[hfsig] HF performance under 200 miles?

Robert Bruninga bruninga at usna.edu
Mon Oct 10 18:41:49 CDT 2016


But I dont want DX ever in this app..  I want HF that works out to 250
miles during the day and not much beyond 500 miles at night.  Then, just
like WIDE1-1 on VHF, we can keep things HF local, re-use the freuqncy and
also gain 100 to one precision by not having to transmit worl-wide unique
posits, but just say 1000 mile unique.  That's the idea anyway.

I climbed up the roof to inspect my multi-band dipole and to my amazement,
all 8 legs were intact, and just drooping down in the shrubery on all
sides, so it looks like aI can gt back on HF by just a lot of rock throwing
and string...

bob, WB4APR

On Mon, Oct 10, 2016 at 11:36 AM, Mitch Winkle <mitchwinkle at gmail.com>
wrote:

> That's not always valid reasoning when it comes to HF actually, and here's
> why.
>
> Just because the "nearest" HF gate is 200 - 300 miles away doesn't mean
> that's the best one to use all the time.  NVIS communications make sense if
> you are networking around that model (such as MARS does in regional
> comms).  If you are involving alternate connectivity such as internet, RF
> distance is rather inconsequential.
>
> Case in point:  Using WINMOR for Winlink connectivity for the recent
> Virginia ARES SET, it was necessary for me to use a station in North Miami,
> FL, over 1000 miles away in order to gain access to the network reliably on
> HF.  Now the same could be said for HF APRS as well.  Why worry about the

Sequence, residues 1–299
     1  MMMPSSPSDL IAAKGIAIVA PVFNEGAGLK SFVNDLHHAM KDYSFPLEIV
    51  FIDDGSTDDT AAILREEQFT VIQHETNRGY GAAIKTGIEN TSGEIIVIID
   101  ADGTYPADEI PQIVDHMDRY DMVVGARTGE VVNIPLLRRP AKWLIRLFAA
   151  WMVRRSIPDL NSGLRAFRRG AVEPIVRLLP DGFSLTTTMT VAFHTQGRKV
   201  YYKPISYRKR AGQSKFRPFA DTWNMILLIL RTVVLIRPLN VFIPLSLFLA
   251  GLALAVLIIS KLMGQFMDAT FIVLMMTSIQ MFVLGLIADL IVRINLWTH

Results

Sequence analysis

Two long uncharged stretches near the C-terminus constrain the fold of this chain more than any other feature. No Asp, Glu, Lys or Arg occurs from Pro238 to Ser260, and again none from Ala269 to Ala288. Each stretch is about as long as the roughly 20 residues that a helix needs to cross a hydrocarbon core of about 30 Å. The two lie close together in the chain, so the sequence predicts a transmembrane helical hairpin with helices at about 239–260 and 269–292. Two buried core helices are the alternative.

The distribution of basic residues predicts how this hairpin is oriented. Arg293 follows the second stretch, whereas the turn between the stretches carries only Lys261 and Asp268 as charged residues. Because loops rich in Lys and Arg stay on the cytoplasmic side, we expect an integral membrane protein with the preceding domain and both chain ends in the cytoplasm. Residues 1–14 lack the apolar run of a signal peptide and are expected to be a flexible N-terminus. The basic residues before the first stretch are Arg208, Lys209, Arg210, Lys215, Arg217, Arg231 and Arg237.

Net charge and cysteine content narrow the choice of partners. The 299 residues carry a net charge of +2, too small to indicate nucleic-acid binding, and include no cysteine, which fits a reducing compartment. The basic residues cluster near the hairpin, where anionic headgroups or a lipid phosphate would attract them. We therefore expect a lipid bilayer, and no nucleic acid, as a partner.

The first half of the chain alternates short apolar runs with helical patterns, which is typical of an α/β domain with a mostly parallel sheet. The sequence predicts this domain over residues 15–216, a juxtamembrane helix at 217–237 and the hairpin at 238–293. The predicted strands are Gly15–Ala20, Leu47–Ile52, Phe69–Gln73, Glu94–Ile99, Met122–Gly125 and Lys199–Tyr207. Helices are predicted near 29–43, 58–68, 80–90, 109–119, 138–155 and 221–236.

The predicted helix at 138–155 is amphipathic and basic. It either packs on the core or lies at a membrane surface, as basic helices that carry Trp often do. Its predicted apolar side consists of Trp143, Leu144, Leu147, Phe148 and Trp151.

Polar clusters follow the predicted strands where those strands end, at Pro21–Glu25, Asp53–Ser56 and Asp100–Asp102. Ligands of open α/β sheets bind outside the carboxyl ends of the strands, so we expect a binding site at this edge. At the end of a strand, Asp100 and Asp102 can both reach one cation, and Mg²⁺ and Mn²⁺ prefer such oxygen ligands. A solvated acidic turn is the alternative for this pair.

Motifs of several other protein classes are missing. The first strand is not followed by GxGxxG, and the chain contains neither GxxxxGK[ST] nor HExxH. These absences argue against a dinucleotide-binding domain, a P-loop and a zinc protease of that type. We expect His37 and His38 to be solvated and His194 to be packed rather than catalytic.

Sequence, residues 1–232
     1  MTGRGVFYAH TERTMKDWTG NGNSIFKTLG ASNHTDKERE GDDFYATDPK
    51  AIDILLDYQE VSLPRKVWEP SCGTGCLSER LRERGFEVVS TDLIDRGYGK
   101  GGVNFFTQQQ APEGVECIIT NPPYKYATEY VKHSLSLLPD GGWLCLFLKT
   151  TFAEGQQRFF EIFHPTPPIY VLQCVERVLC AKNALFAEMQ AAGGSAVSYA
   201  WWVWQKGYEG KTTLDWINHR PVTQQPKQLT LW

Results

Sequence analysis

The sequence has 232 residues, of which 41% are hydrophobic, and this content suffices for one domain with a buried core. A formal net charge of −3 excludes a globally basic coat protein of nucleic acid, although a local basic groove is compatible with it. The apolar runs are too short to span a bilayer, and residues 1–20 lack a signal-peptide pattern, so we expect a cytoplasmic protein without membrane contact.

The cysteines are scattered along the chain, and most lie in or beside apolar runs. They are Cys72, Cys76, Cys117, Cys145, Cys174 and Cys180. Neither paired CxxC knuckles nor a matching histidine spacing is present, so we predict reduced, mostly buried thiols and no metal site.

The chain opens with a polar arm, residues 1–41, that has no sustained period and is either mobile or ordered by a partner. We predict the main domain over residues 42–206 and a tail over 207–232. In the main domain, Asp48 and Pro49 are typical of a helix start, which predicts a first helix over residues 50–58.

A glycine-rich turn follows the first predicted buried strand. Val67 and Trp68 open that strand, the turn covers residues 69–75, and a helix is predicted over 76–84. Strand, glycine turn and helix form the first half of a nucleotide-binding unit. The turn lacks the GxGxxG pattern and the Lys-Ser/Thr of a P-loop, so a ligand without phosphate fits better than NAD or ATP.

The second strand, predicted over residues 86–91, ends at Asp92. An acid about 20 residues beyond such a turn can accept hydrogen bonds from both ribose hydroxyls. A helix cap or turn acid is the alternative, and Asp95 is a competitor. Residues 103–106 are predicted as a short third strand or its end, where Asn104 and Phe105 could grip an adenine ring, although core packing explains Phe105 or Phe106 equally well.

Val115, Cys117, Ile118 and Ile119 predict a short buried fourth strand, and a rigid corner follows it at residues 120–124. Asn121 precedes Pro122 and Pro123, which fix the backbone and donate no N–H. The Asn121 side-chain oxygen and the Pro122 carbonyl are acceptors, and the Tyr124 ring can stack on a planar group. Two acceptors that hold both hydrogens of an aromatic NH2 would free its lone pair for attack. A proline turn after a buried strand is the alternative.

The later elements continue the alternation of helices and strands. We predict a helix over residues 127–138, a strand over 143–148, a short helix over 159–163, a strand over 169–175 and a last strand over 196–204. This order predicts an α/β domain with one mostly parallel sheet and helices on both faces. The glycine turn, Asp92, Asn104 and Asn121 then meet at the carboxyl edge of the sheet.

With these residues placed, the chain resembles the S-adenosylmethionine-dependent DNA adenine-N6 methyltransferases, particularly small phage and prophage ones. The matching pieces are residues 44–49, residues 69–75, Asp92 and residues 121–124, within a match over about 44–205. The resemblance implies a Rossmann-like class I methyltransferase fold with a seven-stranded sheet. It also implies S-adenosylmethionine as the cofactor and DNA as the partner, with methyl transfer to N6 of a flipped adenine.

> distance at all?  Designate a frequency on each band and be happy.
> Scanning is commonplace for many types of networking tools such as packet,
> ALE and Winlink systems.
>
> To try to provide a direct answer to your question though, an overall high
> availability data only band like 30m (which is already the target for many
> using APRS) makes a lot of sense.  It's long-regional flavor spans not only
> NVIS on it's edge days of propagation, but good sky wave as well, and solid
> overnight performance for many hundreds of miles.  It is common to have
> trans-Atlantic QSO's in the dark also.
>
> "What frequency should I use on HF?" is one of the most asked questions in
> all of Amateur Radio.  The answer is almost always the same.  "The one that
> works today."
>
> --
> Mitch Winkle
> http://ewamjlu.blogspot.com
> ...How long will you go limping between two different opinions? If the
> LORD is God, follow him...
> 1 Kings 18 ESV
>
> On Mon, Oct 10, 2016 at 9:44 AM, Robert Bruninga <bruninga at usna.edu>
> wrote:
>
>> For under say 200 miles, what is the best band round the clock?
>>
>> Given that a 1 Watt WSPR transmitter performs as if it was 1000W due to
>> processing gain, couldn't it punch through the day time noise?
>>
>> And APRS only has to go say 200 miles to the nearest HFgate to provide
>> almost total coverage of the USA because every where is within 200 miles of
>> a city where maybe a ham will be running an HF gate?
>>
>> So that is the question.  Forget the high noise levels... WSPR can work
>> through that.  what band will provide the connectivity 24/7/364 over that
>> 200 to 300 mile range?
>>
>> Bob
>>
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>
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